There’s also the money thing—because unless you’re a marquee name you’re likely paying for a lot of your own tour expenses (which is also a reason why you’d be working as much as possible throughout the tour)—which causes its own stress and anxiety. Every single food purchase is, sure, a “write-off” yet there’s still that looming threat of… oh great another charge to the card, another grab at the draining checking account. It’s that looming threat, like an invisible negative thought spiral just daring you to give into it, so that every experience ends up co-opted, your mind preoccupied with the worries and possible financial woes to be faced on the other side, the end of the tour.
You’re about to be in conversation with another writer or a book critic and then something happens: the dreaded "no show". Or maybe you yourself consider no-showing—allowing fear of the unknown to consume you.
What happens when you roll into the event or the media spot only to realize that those that initially agreed to be part of it decided to pull out? That’s a lot to take in, particularly if it’s a venue that decides that maybe they aren’t getting enough presale tickets or RSVPs—and you worry they'l decide you’re not worth their time. It's scary thing, and it’s yet another tour horror that can haunt you.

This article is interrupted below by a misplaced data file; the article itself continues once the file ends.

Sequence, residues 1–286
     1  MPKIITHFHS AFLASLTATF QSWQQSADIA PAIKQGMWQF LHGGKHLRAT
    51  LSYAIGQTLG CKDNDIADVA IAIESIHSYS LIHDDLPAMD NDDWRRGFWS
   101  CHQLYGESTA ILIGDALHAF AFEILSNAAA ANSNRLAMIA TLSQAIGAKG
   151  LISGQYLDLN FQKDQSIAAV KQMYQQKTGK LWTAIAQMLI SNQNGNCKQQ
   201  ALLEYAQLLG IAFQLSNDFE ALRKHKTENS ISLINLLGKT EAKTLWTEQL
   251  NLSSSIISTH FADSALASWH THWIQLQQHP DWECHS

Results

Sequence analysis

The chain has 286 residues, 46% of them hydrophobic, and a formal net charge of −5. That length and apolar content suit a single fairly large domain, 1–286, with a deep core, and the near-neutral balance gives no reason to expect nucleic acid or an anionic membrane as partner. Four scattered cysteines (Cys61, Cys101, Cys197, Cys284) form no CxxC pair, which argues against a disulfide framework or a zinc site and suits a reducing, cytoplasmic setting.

The City Welcomes You
Not every city is going to welcome you. Sometimes things just seem off; they go wrong. You get hassled on the street, or maybe you’re in an Uber and the driver fights you over the fact that you’re wearing a KN95 mask because hey, you’re traveling a lot and Covid-19 is still around and you don’t want to catch it—and you definitely don’t want to spread it. Or maybe there’s a strange knock on your Airbnb door at night, one that occurs a few times like it’s some sick joke because, come on, you were the one that wrote that home invasion novel. Whatever it is, there’s definitely something to be said about each stop being truly unique, no matter how quick the stint. Every city has a name and an identity all its own.
What else is there to say? Covid-19 is still out there. There’s talk of monkeypox. That guy sitting right next to you coughs in your direction and you can just feel the virus incubating.
Thankfully you wore a mask. And yet… doing this in 2022 is a very different thing from back when book tours were more common.
What if you find out some stops couldn’t get books? It could be for a technically good reason, the print run already selling out, or it could be that the distributor or bookstore or someone on the back end messed up. Or even worse, and far more likely—supply chain issues, particularly shipping and processing, simply slowed things down and made it impossible to get inventory to people in time.
Whatever the case, there’s a spark of anxiety that follows a writer into every stop that goes to the tune of—will they have any books? Will they even have it on shelves? Or is it going to be returned immediately, unsold inventory.
Your Own Worst Enemy
Amid all the highs and lows of the tour, the biggest horror is doubt, it’s exhaustion; it’s waiting for you during those quiet moments in your hotel room when the event is over or just about to happen, when you’ve only got those idle minutes to endure… that’s when any and all doubt and anxiety will come rushing in.
If you ended on some never-ending tour, stuck between a variety of these horrors? Like a fucked up rendition of In the Mouth of Madness? Oh god, that would horrifying… a true invasion of your sanctuary or safe space. To have no home to go back to… well that’s perhaps the most horrifying thing of all.